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The Comintern and the ‘black question’

Abbie Bakan

October 5, 2012

The Communist International (Comintern) Fourth Congress, meeting in 1922, prefigured many discussions regarding international solidarity and activism that will be familiar to socialists today. One such discussion focused on anti-racist politics, in particular regarding African-American experiences in the United States.
In John Riddell’s recent translation of the Fourth Congress proceedings, Toward the United Front, the events surrounding the discussion of “the Black question” are presented, with helpful annotations for the contemporary reader.
The presentation by Otto Huiswoud (also known as Billings)—a delegate to the Comintern from the US—is particularly compelling. His comments were reflective of his lifelong commitment to socialism and black liberation. John Riddell’s biographical noteshelp to set the scene.
Huiswoud’s activism spanned the generations from the Comintern to the civil rights era. Born in Suriname in 1893, Huiswoud moved to New York in 1910. In 1919, he became one of the founding members of the American Communist Party. Before his death in 1961, he would serve the movement as editor of the US publication Negro Worker, help to lead the American Negro Labor Congress, and meet to discuss politics of the day with those such as VI Lenin, Aimé Césaire, Franz Fanon and Richard Wright.
At the time of the Fourth Congress, Huiswoud was encouraged by the potential of the Comintern to address issues of racism in connection with colonialism and imperialism. He reminded delegates of the historic break with the reformist Second International, recalling earlier statements that the “Second International is an International of white workers and the Communist International is an International of the workers of the world.”
But the bulk of Huiswoud’s comments were cautious, aware of the lack of knowledge among the majority of Comintern delegates. He emphasized that “he Black question is another part of the racial and colonial question, and it has until now not received any special attention.”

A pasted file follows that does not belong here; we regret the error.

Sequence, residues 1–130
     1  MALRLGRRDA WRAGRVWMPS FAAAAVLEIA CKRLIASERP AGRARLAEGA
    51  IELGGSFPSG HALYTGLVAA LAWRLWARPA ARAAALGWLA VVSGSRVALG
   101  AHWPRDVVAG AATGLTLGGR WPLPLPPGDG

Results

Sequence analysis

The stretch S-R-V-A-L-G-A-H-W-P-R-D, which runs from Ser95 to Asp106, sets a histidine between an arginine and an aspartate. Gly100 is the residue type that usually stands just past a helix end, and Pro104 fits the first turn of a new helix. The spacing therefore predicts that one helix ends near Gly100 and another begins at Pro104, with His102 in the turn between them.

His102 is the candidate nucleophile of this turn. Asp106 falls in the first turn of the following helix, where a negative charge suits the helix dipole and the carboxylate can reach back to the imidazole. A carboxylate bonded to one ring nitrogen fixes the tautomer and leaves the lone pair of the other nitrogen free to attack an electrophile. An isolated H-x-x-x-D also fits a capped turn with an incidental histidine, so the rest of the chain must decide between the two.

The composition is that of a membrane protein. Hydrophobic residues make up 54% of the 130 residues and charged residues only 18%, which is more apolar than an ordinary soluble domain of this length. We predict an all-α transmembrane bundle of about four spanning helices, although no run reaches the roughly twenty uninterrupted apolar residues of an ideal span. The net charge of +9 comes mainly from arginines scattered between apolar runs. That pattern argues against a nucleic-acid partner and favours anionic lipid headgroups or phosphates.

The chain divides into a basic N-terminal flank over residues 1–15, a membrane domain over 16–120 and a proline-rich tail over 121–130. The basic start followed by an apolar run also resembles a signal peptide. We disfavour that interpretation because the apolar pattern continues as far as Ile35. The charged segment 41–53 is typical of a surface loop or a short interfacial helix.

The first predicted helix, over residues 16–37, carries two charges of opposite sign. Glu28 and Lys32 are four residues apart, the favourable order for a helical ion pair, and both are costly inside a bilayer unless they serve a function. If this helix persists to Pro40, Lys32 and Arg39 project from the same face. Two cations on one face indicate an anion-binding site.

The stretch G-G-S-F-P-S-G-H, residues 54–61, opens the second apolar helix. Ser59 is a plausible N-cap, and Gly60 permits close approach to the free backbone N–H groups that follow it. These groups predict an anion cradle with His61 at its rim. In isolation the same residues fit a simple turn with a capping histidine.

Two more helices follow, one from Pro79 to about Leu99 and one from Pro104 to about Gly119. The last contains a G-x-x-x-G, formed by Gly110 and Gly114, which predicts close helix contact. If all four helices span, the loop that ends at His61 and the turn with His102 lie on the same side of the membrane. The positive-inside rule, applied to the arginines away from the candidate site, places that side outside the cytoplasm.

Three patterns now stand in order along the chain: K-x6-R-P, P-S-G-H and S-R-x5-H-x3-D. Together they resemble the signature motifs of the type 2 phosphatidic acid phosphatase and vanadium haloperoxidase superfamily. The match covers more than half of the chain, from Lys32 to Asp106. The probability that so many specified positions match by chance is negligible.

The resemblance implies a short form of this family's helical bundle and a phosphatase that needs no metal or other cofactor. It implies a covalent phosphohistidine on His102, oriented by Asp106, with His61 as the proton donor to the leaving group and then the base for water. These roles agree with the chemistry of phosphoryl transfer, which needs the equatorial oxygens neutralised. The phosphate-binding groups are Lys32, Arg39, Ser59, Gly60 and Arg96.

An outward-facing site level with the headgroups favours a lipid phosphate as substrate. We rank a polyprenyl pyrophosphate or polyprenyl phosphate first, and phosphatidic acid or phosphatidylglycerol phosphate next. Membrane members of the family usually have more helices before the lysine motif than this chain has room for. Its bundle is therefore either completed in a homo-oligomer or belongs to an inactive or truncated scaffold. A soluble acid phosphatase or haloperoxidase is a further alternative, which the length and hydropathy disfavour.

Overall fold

And he appealed to delegates to take seriously the Comintern’s formal commitment to carrying on socialist organizing among black workers internationally, “not merely as a New Year’s resolution but as work to be carried out in reality and in action.”
Race and class
Huiswoud’s report to the Fourth Congress stressed the necessity of avoiding economic reductionism in considering anti-racist organizing.
The relationship between race and class, a question that continues to animate Marxist theorizing today, demanded an understanding of history, and of divisions as well as unifying factors in the working class.
“As is generally known, the question of race, based as it is on prejudice arising from the class prejudices of specific groups in society, still plays an important role. It is true that in the United States, for example, the competition between Black and white workers is the main source of racial hatred. But we must not forget that the Blacks still bear the mark of bondage stemming from the time of slavery. For this reason we find that the particular antagonism of white workers against Black workers takes a special form.”
Huiswoud stressed the role of consciousness, emphasizing what he termed “the psychological aspects of the question.”
He condemned the legacy of overt racism in some of the leading US trade unions, which established as “a condition of membership that each white brother will recruit other white workers.” This had the effect of ensuring that “Blacks will always remain outside the union, simply because they are Black.” The consequences were dire, as black workers could be hired by anti-union employers to cross picket lines of white workers. As Huiswoud implored: “We can advance all the fine theoretical formulations that we have at hand, but yet in the daily struggle there are some harsh and stubborn facts.”
US South
One of the most significant parts of Huiswoud’s report addressed the conditions of the US South.
“The Blacks sense the approach of a crisis that will break out between whites and Blacks in the South. The seeds have been sown in the South and they must sprout up there in some form. It is likely that the crisis will take the form of race baiting on a vast scale.”
Huiswoud strived to paint a picture of the concrete realities of early twentieth century racism to his Comintern comrades, explaining that the South is “almost a separate country,” and compared it to Dante’s inferno. He continued: “The division is kept very sharp, and Blacks are robbed of their right to vote.…This is where you find lynching and racial uprisings. You see that in the South, the lynching of a Black is the occasion for enjoyment, as it is elsewhere to go to the cinema. When you grasp that the white population of the South is so imbued by this notion of white domination of the Blacks, you will also understand that we must take up this question.”
Otto Huiswoud anticipated both the racist violence and the revolts of black workers in years to follow, not least the civil rights movement decades later. He is just one of many nearly forgotten socialists, whose contributions are brought to life in Toward the United Front.

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